Thursday, July 30, 2015

Green introduces bill to revamp BRT

As promised, City Councilman Bill Green this morning introduced legislation that would revamp the Board of Revision of Taxes. Though the legislative process is now officially underway, any ultimate changes would not take place until and unless they were approved by voters on the May 2010 ballot.

Green introduces bill to revamp BRT

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As promised, City Councilman Bill Green this morning introduced legislation that would revamp the Board of Revision of Taxes. Though the legislative process is now officially underway, any ultimate changes would not take place until and unless they were approved by voters on the May 2010 ballot.

Although Council leaders are supporting the bill, it's still unclear where Mayor Nutter stands. Green's legislation differs in some respects from an outline Nutter laid out earlier this week of what matters would need to be included for any legislation that he would support.

Here's some of what Green's bill calls for:

*Abolishing the BRT and replacing it with two new entities, the Office of Property Assessment, which would make property assessments beginning in 2011, and the Board of Property Assessment Appeals.

*The Office of Property Assessment would be headed by a Chief Assessment Officer, who must be a certified assessor or appraiser, and who will be appointed to a four-year term by the mayor and subject to Council approval. The chief assessment officer would establish rules and regulations for the property assessment process.

*The Board of Property Appeals would begin hearing appeals of property assessments in 2011. A seven-member nominating panel would be created to put forward three names for each board opening. The panel would include one appointee each of the City Council president, the mayor, the Greater Philadelphia Association of Realtors, the local chapter of the Assessors' Association of Pennsylvania, the Building Industry Association of Pennyslvania, the Housing Association of Delaware Valley and the Philadelphia Bar Association. The board members, all required to be city residents, would be appointed to five-year terms. Of the board members, two must have 10 or more years experience as certified real estate assessors; two must have at least 10 years' experience as attorneys with residential or commercial valuation expertise, and one must be a homeowners or commercial property owner in Philadelphia.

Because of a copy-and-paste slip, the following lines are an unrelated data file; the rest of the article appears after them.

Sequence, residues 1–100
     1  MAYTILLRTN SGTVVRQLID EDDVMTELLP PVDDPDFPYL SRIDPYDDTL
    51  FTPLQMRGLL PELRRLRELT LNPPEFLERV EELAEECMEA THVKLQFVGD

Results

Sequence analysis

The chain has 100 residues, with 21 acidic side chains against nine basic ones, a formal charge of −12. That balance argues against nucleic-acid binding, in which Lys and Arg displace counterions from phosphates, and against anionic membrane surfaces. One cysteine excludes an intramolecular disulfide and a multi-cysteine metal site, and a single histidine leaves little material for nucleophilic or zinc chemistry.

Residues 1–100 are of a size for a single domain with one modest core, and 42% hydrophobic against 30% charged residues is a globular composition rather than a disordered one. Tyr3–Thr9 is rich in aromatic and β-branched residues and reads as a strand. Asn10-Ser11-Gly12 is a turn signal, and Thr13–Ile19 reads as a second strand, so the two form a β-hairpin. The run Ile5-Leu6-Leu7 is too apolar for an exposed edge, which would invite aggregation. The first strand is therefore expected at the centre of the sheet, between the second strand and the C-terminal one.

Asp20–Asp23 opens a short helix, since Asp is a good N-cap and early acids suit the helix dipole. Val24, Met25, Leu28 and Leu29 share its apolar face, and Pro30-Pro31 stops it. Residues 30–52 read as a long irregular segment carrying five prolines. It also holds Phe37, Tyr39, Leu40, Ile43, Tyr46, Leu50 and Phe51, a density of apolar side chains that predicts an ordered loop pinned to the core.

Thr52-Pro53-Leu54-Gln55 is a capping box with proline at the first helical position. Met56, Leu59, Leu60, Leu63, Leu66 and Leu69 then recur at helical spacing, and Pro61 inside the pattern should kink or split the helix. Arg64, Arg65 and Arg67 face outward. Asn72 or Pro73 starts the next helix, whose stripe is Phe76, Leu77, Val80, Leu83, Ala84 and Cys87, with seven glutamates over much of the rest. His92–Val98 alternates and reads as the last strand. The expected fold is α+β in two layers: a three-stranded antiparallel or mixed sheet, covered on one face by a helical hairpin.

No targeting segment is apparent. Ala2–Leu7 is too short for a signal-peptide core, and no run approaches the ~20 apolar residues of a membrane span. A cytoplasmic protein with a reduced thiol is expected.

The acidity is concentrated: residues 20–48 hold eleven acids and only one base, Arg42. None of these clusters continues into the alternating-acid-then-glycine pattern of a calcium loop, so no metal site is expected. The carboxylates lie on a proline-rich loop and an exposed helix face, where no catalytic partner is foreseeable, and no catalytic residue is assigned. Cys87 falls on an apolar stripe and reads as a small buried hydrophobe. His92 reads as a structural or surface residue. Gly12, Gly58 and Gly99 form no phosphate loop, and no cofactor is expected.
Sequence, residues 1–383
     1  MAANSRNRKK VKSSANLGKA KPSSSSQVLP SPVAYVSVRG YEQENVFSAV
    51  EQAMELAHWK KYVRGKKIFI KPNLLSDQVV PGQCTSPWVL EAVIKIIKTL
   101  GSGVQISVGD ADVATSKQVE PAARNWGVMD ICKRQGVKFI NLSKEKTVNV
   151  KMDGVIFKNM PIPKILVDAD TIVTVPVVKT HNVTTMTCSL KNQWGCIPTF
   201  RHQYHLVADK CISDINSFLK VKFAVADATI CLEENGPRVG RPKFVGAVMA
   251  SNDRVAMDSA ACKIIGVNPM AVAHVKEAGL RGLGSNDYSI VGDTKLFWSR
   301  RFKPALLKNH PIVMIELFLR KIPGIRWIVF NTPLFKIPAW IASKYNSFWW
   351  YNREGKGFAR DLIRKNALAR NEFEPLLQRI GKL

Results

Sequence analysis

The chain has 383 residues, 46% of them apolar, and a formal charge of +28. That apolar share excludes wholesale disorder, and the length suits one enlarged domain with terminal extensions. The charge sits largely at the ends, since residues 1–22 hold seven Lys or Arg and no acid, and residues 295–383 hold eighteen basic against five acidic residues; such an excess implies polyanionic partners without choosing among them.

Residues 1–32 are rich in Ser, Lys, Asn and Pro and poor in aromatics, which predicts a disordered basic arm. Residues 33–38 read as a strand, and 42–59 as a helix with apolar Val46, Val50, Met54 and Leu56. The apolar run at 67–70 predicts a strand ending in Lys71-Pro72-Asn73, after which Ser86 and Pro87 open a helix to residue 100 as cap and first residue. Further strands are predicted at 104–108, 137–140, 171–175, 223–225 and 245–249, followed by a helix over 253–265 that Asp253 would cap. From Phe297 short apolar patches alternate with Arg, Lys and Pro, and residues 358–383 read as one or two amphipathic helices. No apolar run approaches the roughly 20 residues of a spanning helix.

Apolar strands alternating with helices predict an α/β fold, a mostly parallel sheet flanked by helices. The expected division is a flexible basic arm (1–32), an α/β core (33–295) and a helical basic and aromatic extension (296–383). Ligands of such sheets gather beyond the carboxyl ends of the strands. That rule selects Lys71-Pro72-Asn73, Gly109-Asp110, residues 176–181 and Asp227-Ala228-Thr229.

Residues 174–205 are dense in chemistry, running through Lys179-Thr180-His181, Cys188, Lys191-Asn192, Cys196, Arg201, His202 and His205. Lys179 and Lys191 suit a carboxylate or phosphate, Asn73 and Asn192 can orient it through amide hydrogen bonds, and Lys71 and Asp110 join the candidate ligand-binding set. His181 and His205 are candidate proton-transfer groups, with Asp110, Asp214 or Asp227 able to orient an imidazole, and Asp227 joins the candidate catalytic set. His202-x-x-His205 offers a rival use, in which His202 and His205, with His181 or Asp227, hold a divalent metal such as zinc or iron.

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The Philadelphia Inquirer's Chris Hepp, Tricia Nadolny, Julia Terruso, and Claudia Vargas take you inside Philadelphia's City Hall.

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